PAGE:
LESSON 04: CERVICAL MUCUS >>
When you think about fertility, everything comes down to the BIG "O": OVULATION.
When a woman is born, each of her ovaries has hundreds of thousands of eggs, but they remain dormant until her first menstrual cycle, when she starts to ovulate, which occurs during puberty. At this time, during adolescence, the pituitary gland secretes hormones that stimulate the ovaries to produce female sex hormones, including estrogen, which helps the woman develop into a fertile woman. At this time, women begin releasing eggs as part of a monthly period called the menstrual cycle. Approximately once a month, during ovulation, an ovary discharges a tiny egg that reaches the uterus through one of the fallopian tubes. Unless fertilized by a sperm while in the fallopian tube, the egg dries up and is expelled from the uterus.
There is no doubt: You need to ovulate before you can get pregnant. And your chances of conception depend on the egg and sperm meeting at the right time. But ovulation often doesn't happen, and you won't know. Or it happens irregularly or at an inopportune time. So it makes sense to understand just what's going on with those precious eggs of yours, especially if you want to improve your chances getting pregnant faster.
Newest studies have shown that you only have the four to five days BEFORE ovulation and the day of ovulation to get pregnant.
Lovemaking and Getting Pregnant
Your chances of getting pregnant increase if you make love regularly, more often, and as you get closer to the day of ovulation. Your fertility also increases the more often (but no more than once a day) you have sex throughout the cycle, not just during the fertile days. Your chance of getting pregnant is nearly zero if you have sex after ovulation. Why? Sperm need about 12 hours of "prep time" in your uterus before they can fertilize the egg. And the egg usually doesn't survive long, maybe only 12-24 hours, for that to happen. So to get pregnant it's best to have sperms already close to the egg when ovulation happens. That's why when you want to get pregnant the best time to make love are the 1-2 days before and the day of ovulation. Not the day after.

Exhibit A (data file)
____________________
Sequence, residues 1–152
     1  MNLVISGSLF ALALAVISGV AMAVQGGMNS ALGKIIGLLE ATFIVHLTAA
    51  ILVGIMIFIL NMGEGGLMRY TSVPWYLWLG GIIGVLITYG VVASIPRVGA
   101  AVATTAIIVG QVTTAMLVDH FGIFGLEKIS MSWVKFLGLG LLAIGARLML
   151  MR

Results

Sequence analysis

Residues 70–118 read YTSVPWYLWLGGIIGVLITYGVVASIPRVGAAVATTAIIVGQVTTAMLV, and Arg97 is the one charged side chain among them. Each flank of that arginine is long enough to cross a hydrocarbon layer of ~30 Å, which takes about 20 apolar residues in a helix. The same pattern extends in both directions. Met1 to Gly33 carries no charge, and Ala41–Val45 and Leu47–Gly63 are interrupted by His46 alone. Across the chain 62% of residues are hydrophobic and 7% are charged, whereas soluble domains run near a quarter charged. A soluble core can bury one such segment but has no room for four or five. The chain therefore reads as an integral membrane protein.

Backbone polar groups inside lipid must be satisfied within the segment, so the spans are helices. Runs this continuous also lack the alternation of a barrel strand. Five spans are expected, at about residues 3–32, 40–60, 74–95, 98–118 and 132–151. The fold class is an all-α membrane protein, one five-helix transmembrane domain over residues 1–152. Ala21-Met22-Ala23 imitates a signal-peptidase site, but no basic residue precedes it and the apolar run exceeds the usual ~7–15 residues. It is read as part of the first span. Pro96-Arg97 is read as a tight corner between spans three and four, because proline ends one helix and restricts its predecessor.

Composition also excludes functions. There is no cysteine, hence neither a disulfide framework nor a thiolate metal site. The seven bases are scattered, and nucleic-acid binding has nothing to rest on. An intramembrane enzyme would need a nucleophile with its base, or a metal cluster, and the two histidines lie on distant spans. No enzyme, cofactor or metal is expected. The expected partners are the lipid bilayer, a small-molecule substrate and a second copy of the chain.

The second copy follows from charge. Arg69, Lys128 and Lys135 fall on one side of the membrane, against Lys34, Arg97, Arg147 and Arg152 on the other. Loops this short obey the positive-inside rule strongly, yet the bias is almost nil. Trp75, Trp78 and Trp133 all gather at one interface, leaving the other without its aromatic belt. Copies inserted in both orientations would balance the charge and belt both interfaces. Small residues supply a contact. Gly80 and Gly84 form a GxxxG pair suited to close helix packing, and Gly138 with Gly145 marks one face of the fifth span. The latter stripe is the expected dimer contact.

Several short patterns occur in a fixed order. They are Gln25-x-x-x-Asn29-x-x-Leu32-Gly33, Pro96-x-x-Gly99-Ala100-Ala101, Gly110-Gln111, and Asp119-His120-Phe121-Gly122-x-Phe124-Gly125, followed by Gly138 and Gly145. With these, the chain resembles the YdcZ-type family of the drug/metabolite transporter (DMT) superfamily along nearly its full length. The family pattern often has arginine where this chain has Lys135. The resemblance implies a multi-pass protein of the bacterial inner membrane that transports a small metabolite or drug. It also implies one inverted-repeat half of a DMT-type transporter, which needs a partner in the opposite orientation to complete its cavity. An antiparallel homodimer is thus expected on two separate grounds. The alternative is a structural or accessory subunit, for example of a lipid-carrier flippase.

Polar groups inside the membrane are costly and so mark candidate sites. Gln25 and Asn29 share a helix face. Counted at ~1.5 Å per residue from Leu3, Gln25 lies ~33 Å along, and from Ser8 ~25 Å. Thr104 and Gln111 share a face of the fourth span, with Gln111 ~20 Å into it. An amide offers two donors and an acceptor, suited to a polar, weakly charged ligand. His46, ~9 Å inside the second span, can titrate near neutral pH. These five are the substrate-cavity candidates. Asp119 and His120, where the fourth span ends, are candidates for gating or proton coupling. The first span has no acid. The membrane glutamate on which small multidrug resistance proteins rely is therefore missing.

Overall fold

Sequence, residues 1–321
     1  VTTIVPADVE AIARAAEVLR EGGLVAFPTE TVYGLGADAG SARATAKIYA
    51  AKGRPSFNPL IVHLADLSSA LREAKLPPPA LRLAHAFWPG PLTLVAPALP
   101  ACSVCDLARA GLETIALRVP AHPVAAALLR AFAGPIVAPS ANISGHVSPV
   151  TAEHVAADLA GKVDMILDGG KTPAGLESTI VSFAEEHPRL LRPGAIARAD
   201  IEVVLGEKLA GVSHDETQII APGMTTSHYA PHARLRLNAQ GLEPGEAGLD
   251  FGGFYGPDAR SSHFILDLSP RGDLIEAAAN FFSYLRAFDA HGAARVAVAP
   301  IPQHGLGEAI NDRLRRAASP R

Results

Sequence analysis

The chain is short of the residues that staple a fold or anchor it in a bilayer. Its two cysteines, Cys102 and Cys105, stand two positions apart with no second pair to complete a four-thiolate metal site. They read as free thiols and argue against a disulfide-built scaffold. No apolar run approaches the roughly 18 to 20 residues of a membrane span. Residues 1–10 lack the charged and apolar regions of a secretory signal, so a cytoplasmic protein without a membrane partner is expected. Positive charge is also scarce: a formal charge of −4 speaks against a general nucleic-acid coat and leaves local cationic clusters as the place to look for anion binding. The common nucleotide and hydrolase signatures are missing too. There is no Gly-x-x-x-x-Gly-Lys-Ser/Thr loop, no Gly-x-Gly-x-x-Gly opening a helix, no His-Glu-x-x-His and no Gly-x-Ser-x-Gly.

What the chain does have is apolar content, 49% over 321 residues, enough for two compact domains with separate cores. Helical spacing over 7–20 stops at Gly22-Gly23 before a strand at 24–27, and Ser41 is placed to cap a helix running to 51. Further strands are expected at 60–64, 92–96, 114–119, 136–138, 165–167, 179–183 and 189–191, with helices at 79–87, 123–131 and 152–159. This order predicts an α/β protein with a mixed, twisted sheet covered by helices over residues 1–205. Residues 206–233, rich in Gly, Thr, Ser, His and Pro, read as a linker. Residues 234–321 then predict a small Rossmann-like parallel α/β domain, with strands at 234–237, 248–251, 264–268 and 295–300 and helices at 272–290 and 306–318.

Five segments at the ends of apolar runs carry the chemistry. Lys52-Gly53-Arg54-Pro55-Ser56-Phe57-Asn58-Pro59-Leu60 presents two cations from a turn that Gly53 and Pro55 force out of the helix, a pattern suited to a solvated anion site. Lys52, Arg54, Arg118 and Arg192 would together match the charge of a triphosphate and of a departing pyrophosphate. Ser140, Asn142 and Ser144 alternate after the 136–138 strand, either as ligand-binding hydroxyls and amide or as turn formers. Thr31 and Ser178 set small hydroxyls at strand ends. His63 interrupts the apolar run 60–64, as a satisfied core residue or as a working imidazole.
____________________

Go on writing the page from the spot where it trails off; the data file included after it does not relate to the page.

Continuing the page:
If I bleed, does it mean I ovulate?
Bleeding in and by itself is not always a good enough confirmation of ovulation. It's possible to have vaginal bleeding without ovulation. Your regular menstrual periods come every 21-35 days and last on average three to six days, but you can have vaginal bleeding even if you don't ovulate; it's just not as regular as menstrual periods that follow ovulation.
"How do I know whether I am ovulating?" is one of the most important and frequent questions Dr. Amos hears. There are several ways to find out.
Checking Yourself for Ovulation:
- Regular menstrual cycles: If you have a very regular menstrual cycle lasting between 21 and 35 days, then you can usually assume you ovulate regularly.
- Fertility charting: Fertility charting includes taking your basal body temperature and looking for other fertility signs such as changes in the cervical mucus. A biphasic basal body temperature chart, a curve that increases and stays up, shows reliably that you ovulated. We'll get into detail about charting in the next section, since charting and charting tools are such a big part of BabyMed
- Cervical mucus: Typical changes in cervical mucus will also help you figure out when and if you ovulate and when your fertile days are. We'll discuss more about cervical mucus in just a bit.
- Ovulation predictor kits (OPK): OPKs are pretty reliable methods of detecting ovulation. A positive OPK can predict ovulation most of the time.
How your doctor checks:
- Blood progesterone levels: An elevated progesterone level about a week after presumed ovulation confirms ovulation.
- Pelvic ultrasound examinations: If they are done before and after ovulation, they can show the development of the follicle, and if it disappears, ovulation can be assumed.
- Endometrial biopsy: An endometrial biopsy about 10 days after ovulation can confirm that ovulation happened.